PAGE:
The NCAA is at a crossroads
With California governor Gavan Newsom signing a bill to allow college athletes to hire agents and make money from endorsements, the first of its kind, threatens the business model of college sports. The NCAA is now at a crossroads and changes in that model will take place in the next couple of years. The effects of the bill go into effect in 2023. The NCAA could file a lawsuit seeking to delay the law or have a higher court overrule it entirely.
The Pac-12 also issued a statement (h/t Nicole Auerbach of The Athletic), saying it was “disappointed” in the passage of the bill, adding it believes the legislation will “have very significant consequences for our student-athletes and broader universities in California.” We will work with our universities to determine next steps and ensure continuing support for our student-athletes,” the conference added. Further, the Pacific-12 Conference, which participates in NCAA tournaments, said the bill will lead to the “professionalization of college sports” and will negatively impact how universities recruit student athletes.
One way to avoid a fracture of the NCAA would be national legislation which would regulate the universities and their relationships with the players. Bills have also been introduced two other states which copy the bill in California. As this issue metastasizes, it’s possible other state bills will create pressure for Congress in Washington DC to make nationwide law would avoid the potential for certain states to write legislation that give some student-athletes an advantage over others. As of the current state of affairs in our Federal government, good luck with that.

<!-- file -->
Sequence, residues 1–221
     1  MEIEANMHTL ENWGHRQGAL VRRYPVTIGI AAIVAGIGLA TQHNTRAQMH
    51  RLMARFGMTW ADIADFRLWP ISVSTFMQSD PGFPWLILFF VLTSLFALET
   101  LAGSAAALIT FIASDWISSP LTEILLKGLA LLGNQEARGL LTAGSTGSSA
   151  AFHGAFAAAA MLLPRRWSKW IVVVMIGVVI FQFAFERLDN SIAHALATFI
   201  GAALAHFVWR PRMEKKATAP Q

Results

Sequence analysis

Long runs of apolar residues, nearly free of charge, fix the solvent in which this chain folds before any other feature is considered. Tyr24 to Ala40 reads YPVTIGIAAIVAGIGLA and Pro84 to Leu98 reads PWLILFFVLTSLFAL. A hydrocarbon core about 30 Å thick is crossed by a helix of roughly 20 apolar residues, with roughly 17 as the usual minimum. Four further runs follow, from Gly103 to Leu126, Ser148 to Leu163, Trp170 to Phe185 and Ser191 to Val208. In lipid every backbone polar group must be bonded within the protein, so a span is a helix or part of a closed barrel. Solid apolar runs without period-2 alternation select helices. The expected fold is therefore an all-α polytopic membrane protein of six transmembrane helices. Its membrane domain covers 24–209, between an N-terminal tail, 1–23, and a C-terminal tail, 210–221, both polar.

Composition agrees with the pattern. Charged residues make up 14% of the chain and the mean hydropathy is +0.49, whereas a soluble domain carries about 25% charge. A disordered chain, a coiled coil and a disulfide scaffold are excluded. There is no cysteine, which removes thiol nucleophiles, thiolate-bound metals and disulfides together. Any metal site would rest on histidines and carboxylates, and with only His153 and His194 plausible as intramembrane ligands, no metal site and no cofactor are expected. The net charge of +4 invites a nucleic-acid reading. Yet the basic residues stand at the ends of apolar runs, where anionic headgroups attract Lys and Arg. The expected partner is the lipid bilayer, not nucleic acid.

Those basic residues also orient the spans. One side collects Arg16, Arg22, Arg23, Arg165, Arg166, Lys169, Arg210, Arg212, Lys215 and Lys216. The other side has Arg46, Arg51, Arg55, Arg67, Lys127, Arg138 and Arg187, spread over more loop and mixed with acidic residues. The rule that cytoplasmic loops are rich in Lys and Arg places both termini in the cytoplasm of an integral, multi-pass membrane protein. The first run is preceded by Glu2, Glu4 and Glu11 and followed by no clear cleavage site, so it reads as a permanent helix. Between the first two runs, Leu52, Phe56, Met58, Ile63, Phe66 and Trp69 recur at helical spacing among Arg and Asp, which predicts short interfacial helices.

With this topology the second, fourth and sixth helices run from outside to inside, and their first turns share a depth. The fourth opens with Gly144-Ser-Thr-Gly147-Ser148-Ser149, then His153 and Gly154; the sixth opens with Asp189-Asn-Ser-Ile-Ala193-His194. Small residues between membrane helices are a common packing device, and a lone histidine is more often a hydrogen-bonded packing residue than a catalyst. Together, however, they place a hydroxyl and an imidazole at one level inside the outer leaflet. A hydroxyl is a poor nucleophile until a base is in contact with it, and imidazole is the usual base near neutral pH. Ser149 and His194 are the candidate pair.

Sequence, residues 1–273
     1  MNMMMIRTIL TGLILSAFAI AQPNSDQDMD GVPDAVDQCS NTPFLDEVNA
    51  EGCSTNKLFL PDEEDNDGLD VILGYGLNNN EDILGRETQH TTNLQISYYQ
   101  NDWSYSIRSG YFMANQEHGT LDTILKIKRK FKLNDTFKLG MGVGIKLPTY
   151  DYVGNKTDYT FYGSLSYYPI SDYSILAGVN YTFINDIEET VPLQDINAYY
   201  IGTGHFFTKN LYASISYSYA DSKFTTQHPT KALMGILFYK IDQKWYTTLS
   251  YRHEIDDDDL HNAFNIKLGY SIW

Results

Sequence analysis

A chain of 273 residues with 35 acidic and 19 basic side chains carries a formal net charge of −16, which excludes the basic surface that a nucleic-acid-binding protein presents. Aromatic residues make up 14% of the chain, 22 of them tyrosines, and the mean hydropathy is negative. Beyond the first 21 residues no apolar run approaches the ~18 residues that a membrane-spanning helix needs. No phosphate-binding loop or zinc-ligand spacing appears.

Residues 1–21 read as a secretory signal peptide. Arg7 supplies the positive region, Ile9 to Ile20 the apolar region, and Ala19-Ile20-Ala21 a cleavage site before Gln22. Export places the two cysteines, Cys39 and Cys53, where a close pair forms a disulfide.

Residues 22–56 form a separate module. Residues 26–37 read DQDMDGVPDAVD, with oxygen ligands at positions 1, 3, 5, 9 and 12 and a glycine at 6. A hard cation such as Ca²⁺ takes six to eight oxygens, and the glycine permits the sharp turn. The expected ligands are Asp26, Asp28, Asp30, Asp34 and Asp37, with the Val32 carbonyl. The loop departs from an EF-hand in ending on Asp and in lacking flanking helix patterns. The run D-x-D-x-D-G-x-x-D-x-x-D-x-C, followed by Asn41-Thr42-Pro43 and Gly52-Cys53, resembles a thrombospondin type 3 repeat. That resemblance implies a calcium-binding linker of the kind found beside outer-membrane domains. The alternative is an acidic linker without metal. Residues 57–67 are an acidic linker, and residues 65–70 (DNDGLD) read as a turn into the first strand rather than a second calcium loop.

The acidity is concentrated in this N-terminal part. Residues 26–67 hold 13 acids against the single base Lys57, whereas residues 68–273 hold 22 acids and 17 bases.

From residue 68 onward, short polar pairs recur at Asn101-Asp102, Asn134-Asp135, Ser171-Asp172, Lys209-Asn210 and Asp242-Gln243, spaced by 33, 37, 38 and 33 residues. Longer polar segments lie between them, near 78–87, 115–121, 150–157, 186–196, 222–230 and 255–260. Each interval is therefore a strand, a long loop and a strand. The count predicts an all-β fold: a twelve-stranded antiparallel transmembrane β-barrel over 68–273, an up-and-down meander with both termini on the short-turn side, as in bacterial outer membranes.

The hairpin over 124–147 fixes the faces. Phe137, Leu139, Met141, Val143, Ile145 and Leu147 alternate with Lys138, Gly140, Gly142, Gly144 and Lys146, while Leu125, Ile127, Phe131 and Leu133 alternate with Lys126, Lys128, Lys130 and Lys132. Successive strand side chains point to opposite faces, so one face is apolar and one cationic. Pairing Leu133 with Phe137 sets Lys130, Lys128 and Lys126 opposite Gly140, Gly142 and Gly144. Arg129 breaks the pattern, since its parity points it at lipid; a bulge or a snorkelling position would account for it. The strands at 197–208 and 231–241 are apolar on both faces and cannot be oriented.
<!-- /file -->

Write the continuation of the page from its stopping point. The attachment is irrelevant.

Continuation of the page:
In a statement Monday, the NCAA said that the bill unfairly side-steps its rule-making process and will lead to confusion on a national level.
“As more states consider their own specific legislation related to this topic, it is clear that a patchwork of different laws from different states will make unattainable the goal of providing a fair and level playing field for 1,100 campuses and nearly half a million student-athletes nationwide,” the NCAA said.
The Indiana-based organization has not said if it would bar California schools from participating in its tournaments in response to the bill, which it has called unconstitutional. That banning is a strong possibility in the future. Time frame is not known.
Governor Newsom told reporters today that he doesn’t believe the NCAA will take such action of banning the California schools.
“The bigger problem for the NCAA is public opinion. The public is way ahead of them on this and won’t stand for it any longer,” Newsom said. “The NCAA can’t afford to lose California. The economic consequences would be profound and, further, I don’t think they have a legal right to do that,” he continued.
Newsom previously signed AB 1518, allowing student athletes to hire an agent without jeopardizing their status on campus, and AB 1573, which bars institutions from retaliating against student athletes who file civil rights complaints. SB 206 takes effect in 2023.
It is of my opinion that schools such as Ohio State of the Big Ten will use their power to exclude the California schools from the NCAA. Buckeye administrators in Columbus support the exclusion on these “outlaw” schools and that would mean a total new look for college athletics. As this law DOES impact the recruiting of future athletes in the NCAA, the California schools could be taken out of the NCAA in a shorter time than many think. I suspect the shit will hit the fan within months sports fans.